Last June, after a 6-month wait, we brought home our purebred Black Mouth Cur puppy. Here’s what he looked like the week we brought him home, at 2 months old.
This is the little tank at 3-4 months.
And 5 months.
At 6-7 months, Fuller grew into his legs and was finally able to run without flopping over like a stuffed animal.
He started to look serious by 8-9 months. Still a clown at heart.
And now, at 10 months and 105lb, and still growing.
Fuller’s big for a BMC. Some people prefer smaller curs – bigger dogs may be less agile or wear out faster in the field – but we chose the largest puppy in the litter on purpose. We wanted an intimidating but relaxed guardian.
BMCs are said to be great protectors of their territory. To help Fuller know his territory, Chris established a tradition of walking him around the perimeter of our acreage every day, beginning on the sunny Sunday afternoon we brought him home.
First, it was a short loop, a couple times a day, so his little legs could keep up. We gradually expanded to bigger and more loops. Sarah, one of our “rescued brown dogs” (RBDs), who looks and acts suspiciously like a BMC, has been an awesome co-trainer and role model. She likes to stay nearby.
Of course, Fuller and Sarah cover a lot more ground nowadays than Chris and me, crashing through the woods and wrestling each other back and forth across the field as we walk our loops. It helps to bring a bag of treats to remind them to check in. They’re usually more interested in treats than tracking the exciting scents of woodland creatures up the mountain. Usually.
When not walking, Fuller’s happy alone in the fenced yard for hours with a few sticks or a toy. He rarely barks or digs. That LGD-style independence is one of many cool qualities of the breed.
Even if he’s spent all day in the yard, if he doesn’t have walks, and maybe a car ride or play date, he’ll be up after midnight raiding the toy basket. Toys don’t last long around Fuller, but the cheap ones hold up best. Expensive toys seem to have more decorations to destroy. We’ve had the most success with a line of dog toys at Food City that cost $1.25 apiece. Some of those survive for weeks.
Though BMCs can be great as full-time, outdoor working dogs (like Fuller’s dad), others say their BMCs are great as couch potatoes. Fuller embraces both roles. We joke that he goes by “soap opera” rules: if there’s at least one paw on the ground, he’s not truly on the couch.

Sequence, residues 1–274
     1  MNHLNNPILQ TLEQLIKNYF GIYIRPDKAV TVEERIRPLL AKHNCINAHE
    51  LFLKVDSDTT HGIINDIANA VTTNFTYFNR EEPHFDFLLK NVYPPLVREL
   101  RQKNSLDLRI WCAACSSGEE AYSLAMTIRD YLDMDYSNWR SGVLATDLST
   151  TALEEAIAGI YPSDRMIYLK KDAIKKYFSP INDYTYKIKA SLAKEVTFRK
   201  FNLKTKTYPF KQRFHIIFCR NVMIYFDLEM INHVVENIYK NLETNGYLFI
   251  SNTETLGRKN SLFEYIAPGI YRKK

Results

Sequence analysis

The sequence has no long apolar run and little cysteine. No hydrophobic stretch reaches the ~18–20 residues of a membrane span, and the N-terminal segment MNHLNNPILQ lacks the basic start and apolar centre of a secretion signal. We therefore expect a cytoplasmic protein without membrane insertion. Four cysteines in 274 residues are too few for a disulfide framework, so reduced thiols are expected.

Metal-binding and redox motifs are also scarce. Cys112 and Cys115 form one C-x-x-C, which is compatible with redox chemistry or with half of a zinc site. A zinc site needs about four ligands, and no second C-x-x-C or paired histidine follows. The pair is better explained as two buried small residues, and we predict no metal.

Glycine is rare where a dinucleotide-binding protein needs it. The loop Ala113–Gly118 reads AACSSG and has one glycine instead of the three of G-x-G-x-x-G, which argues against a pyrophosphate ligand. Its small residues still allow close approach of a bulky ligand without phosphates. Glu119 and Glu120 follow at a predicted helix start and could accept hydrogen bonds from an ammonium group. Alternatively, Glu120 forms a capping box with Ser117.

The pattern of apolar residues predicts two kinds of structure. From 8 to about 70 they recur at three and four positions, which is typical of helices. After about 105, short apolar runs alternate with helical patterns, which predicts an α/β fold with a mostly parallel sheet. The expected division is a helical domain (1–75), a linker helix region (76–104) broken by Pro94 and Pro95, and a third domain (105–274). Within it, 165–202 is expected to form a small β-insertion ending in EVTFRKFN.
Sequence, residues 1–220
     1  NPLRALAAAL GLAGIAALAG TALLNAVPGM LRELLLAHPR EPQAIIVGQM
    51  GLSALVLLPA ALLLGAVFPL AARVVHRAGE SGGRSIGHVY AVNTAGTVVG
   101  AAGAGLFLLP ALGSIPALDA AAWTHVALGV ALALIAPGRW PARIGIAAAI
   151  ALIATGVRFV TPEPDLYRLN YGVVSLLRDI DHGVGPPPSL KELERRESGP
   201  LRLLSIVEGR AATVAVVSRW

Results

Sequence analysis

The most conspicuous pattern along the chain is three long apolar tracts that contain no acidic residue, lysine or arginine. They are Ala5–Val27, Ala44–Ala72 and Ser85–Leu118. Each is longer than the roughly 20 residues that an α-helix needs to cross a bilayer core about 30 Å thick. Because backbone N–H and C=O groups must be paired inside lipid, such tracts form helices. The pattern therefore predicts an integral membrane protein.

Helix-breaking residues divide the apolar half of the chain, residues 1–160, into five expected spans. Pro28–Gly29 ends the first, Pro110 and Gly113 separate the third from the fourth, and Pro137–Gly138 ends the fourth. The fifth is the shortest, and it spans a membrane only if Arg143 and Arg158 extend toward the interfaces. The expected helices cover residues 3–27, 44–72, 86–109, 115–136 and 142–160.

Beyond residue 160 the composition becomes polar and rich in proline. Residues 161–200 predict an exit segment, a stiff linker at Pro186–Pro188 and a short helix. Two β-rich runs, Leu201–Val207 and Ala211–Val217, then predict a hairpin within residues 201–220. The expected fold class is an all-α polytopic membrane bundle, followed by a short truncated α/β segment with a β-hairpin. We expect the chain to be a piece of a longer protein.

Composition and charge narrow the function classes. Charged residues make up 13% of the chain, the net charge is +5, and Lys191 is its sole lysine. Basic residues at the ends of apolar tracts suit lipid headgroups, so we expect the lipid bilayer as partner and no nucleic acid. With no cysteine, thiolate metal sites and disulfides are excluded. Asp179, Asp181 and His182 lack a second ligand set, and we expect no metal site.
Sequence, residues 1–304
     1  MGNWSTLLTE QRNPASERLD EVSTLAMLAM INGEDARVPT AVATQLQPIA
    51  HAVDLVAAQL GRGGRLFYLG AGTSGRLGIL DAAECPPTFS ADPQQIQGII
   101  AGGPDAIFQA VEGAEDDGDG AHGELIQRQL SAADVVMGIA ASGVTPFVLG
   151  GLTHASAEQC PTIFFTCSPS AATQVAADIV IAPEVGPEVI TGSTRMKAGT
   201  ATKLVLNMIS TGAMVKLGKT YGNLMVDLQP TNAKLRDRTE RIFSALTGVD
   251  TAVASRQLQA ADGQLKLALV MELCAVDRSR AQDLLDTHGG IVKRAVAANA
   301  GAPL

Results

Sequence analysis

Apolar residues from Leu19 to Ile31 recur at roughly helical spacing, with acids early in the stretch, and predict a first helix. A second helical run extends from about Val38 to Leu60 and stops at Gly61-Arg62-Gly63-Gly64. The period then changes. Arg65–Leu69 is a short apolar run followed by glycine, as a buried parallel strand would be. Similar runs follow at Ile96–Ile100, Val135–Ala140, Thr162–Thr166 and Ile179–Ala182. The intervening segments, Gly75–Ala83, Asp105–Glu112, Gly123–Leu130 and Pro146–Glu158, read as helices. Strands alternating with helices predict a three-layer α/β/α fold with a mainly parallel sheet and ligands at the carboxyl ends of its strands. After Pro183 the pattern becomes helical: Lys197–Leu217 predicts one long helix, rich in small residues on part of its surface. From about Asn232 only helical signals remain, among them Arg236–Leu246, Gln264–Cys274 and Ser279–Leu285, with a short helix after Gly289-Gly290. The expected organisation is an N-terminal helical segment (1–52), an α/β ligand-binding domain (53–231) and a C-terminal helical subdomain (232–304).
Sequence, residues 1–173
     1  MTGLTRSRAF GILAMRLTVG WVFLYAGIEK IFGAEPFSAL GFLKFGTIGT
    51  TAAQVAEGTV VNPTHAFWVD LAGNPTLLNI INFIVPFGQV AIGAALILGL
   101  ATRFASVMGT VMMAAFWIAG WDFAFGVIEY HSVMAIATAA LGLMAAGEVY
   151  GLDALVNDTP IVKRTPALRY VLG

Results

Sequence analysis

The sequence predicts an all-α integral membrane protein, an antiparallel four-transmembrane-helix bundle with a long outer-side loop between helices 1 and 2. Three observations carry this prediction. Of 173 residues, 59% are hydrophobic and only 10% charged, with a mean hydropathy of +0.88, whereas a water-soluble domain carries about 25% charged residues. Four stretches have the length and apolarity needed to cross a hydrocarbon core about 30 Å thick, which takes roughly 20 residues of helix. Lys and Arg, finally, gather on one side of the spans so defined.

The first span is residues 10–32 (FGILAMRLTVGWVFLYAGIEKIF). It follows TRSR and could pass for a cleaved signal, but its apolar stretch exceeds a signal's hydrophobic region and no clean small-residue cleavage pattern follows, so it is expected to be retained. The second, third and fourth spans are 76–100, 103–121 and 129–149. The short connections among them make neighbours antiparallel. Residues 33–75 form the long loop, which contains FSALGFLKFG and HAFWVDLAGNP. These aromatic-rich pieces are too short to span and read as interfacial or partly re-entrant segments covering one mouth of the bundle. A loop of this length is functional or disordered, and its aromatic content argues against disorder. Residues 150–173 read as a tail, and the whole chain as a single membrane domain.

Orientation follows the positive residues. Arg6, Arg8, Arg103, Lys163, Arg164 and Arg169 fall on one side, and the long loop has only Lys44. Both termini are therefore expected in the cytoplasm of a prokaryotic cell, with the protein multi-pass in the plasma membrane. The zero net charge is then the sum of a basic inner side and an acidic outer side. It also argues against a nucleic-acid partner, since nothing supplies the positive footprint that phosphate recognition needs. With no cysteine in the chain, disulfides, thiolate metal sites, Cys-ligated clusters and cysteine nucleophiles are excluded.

Many breeds and mixed breeds share the great qualities we’re seeing in Fuller, but there’s something fascinating about a heritage breed that has been so selectively produced for utility and temperament. Shannon Givens of Givens Blackmouth Cur, the breeder of Fuller’s sire, has the best description of the breed’s personality on her homepage.
She writes, “Your puppy will be what you make it to be…This is not a breed that will tolerate aggressive training and correction.” Sure enough, Fuller becomes magically deaf when you’re frustrated, but patience, treats, and hugs have great results. He may take a moment to process your request, but he’s probably going to do what you ask him to do. Not because you’re loud-talking (so don’t waste your time) but because he respects your judgment. It helps if he’s already calm and understands what you’re asking, so time invested in exercise, training, and socialization is 100% worth it with a BMC.
Crate training has been helpful, which is no surprise with such a big dog. When Fuller is restless, he makes our barndominium feel small fast. His tail has whipped more than a few water glasses off the coffee table, and his face is lap-height, which isn’t always welcome, especially after he drinks. Because: drool.
Luckily, we just have to point to the crate, and he’ll wander in and snore his way through a nap. The crate is one of the places where treats come from, and his favorite bed is in there, so it’s never a hard sell.
Basically, Fuller is awesome. However, after 8 months with our BMC, we stand by the statement that this breed isn’t for everyone. He might not be such a gentle giant without acres of land to stretch his legs, hours to patrol the yard, playdates with neighbor puppies, other dogs in the house to teach him manners, and an endless stream of construction crew to give ear scritches and teach him how to screen visitors. A puppy this size can be a handful on a leash, and you have to watch your knees when he’s in play mode, in case he makes a wrong turn and barrels into you.
Chris and I both call on years of experience with dog training as we work with him. The time commitment has been significant. Especially as Fuller has become a teenager. Some days he tests boundaries, like whether it’s okay to paw you or nip your hand to get you to play…but his head is so big that his “nips” are chomps, and he can knock you over with a paw. His teeth have had many casualties, from eyeglasses to porch furniture. If the weather is bad, as it has been all winter, sometimes the best we can do is load him into the car and take a drive. Twenty minutes of letting the wind stretch his eye sockets usually calms him down, but the work that goes into preventing bad habits with an active breed shouldn’t be underestimated.
We have at least another year of working with Fuller to make sure he turns into the reliable, well-mannered sentry we’re aiming for. Here’s to continuing to enjoy the journey with our BMC.
See more Black Mouth Cur puppy pictures in our first post about BMCs.